Just like their gold-mining cousins, Canadian energy companies have to worry about cost containment more than ever, writes The Globe and Mail’s Jeffrey Jones:
Now, with crude prices skidding, if there’s one thing on which energy investors are laser focused, it’s operating cost.
In many cases, those expenses have been edging up over the past decade, especially as companies shifted away from natural gas and into more valuable oil, which involves higher operating costs.
So far, no one’s talking about shutting production off because of disappearing returns. But margins are getting squeezed, and executives will be forced to temper their plans for capital spending next year to match expectations for lower cash flow.
On the homefront
TSX 60 futures are lower ahead of the open after the composite index booked a triple-digit gain on Tuesday.
The loonie is continuing to build on yesterday’s gains relative to the greenback, trading above 0.897 this morning. “The Canadian dollar appears to be taking another run at 90 cents US, but this time from below, as safe-haven demand for greenbacks has waned and WTI oil has firmed (up 1% to $82.2 a barrel),” writes Bank of Montreal senior economist Sal Guatieri.
A check-up on the health of major Canadian companies. A boatload of quarterly results are expected to land today, including many from gold miners, headlined by heavyweight Barrick Gold (ABX). The highlight of the day, however, will be oil giant Suncor Energy (SU), which is slated to publish its earnings report late this evening. Ahead of the open, Teck Resources (TCK.B) posted adjusted earnings per share of $0.28 for Q3, well below levels seen during the same period in 2013 but above the consensus estimate. Revenues were in line with analysts’ expectations. Management also raised the lower end of guidance on full-year copper production as well as its estimate for full-year zinc output.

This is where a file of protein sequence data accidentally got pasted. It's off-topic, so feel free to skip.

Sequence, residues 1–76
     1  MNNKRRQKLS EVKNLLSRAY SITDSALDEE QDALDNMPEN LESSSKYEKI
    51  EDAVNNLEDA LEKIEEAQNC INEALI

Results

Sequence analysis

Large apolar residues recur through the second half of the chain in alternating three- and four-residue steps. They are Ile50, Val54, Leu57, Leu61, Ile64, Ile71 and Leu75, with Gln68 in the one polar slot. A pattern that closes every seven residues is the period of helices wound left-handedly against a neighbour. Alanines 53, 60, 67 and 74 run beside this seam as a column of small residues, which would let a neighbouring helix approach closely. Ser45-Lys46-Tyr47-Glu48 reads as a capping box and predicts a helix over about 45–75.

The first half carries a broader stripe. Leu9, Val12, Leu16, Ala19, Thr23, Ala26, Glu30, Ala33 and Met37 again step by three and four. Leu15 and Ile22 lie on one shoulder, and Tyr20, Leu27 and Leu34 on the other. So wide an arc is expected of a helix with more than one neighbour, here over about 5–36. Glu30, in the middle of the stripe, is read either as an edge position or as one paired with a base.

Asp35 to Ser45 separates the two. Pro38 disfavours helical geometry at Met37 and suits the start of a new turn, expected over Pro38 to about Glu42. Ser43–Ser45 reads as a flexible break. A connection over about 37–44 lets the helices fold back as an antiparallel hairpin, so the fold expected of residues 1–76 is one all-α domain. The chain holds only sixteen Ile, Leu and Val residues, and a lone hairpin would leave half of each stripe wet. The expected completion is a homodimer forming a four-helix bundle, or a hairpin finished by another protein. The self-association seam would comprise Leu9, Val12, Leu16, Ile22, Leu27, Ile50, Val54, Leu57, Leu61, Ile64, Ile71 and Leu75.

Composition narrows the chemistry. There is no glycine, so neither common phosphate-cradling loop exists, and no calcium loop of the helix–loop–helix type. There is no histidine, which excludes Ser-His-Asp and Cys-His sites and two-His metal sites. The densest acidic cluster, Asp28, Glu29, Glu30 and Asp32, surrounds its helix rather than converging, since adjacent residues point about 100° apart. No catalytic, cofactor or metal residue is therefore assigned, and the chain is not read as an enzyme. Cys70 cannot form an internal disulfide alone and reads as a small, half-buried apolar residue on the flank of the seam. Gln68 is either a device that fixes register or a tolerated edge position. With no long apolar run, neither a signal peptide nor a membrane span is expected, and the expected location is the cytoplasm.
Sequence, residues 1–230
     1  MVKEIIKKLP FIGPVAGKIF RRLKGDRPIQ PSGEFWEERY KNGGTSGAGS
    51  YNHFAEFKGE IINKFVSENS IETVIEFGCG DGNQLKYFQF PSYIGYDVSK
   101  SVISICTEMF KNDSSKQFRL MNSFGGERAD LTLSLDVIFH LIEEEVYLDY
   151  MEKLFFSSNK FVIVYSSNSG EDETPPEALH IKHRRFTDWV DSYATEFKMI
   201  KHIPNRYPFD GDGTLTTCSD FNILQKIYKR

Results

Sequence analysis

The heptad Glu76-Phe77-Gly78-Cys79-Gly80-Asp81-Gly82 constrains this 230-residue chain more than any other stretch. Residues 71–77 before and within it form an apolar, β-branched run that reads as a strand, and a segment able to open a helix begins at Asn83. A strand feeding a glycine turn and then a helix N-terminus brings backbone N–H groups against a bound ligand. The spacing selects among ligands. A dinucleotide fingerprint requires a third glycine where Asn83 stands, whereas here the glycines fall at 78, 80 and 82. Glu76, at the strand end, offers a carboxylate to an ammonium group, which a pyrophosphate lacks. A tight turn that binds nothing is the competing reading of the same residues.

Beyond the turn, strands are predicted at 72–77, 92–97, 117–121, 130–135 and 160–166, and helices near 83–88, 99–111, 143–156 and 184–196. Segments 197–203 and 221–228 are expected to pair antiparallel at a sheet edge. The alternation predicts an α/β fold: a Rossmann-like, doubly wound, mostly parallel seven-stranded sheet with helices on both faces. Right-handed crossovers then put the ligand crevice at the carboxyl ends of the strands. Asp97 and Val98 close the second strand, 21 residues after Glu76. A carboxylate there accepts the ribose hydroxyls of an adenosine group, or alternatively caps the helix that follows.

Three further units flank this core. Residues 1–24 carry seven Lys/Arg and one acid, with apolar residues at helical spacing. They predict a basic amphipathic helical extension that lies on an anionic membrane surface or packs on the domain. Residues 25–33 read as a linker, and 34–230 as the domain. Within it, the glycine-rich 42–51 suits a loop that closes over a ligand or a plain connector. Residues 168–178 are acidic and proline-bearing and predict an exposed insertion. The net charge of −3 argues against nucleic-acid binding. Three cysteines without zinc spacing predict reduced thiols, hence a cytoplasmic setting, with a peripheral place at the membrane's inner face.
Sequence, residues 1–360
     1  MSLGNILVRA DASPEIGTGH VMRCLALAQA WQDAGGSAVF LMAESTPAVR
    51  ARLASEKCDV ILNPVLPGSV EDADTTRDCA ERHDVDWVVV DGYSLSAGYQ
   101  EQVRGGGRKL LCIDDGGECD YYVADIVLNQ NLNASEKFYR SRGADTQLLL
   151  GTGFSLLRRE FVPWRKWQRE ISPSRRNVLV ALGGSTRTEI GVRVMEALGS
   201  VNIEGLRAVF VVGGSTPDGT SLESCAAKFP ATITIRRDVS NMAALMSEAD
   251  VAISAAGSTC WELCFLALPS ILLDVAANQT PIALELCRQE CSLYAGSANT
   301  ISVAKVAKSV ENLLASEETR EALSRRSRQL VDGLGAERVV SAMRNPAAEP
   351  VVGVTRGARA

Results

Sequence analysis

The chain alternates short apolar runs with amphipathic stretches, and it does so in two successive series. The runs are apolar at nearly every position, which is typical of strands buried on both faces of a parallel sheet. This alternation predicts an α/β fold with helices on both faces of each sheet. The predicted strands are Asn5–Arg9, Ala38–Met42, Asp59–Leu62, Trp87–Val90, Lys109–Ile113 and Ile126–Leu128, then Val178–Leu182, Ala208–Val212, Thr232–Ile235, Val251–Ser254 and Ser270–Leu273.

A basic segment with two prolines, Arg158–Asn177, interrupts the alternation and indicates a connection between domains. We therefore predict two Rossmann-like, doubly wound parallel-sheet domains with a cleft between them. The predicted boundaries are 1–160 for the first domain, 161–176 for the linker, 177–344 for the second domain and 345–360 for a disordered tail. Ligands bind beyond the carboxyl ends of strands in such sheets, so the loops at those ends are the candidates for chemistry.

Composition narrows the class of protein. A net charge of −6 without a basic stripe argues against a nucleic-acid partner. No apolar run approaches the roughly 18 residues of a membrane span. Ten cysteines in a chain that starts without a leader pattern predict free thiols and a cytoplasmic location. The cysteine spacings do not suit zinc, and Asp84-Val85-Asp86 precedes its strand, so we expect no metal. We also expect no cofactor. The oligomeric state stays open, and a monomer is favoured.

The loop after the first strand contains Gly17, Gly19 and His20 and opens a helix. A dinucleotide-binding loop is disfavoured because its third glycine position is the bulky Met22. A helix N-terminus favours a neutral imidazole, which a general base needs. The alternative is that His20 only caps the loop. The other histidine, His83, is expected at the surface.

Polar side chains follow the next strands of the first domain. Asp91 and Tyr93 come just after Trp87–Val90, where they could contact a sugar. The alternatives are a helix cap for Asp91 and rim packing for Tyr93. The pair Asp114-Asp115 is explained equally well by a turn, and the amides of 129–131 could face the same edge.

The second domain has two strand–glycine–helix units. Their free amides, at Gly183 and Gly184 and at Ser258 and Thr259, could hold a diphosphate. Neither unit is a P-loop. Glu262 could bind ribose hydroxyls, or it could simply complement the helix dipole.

Top monetary policymakers to testify before the Senate. At 4:15pm (EDT), Bank of Canada Governor Stephen Poloz and Carolyn Wilkins will testify before the Senate Standing Committee on Banking, Trade, and Commerce in Ottawa. Due to the shootings in the nation’s capital last Wednesday, Poloz and Wilkins’ press conference and testimony before the House Standing Committee on Finance were cancelled. As was universally expected, the central bank kept its policy rate at 1 percent. Of note: the Bank sees the oil-fuelled decline in the Canadian dollar as a net negative for the economy, as the boost to exports will not fully offset weaker consumer and business spending. And while there was no hint as to whether the next move for rates would be up or down, the Monetary Policy Report provided a detailed explanation of why the Bank is keeping rates low – to facilitate as much healing in the labour market as possible.
Timmy’s-Burger King tie-up clears one hurdle. On Tuesday, the Competition Bureau declared that it doesn’t see any issues with Burger King’s proposed acquisition of Tim Hortons (THI). Another regulatory obstacle remains: Industry Canada is also reviewing this transaction to see it passes the “net benefit” test.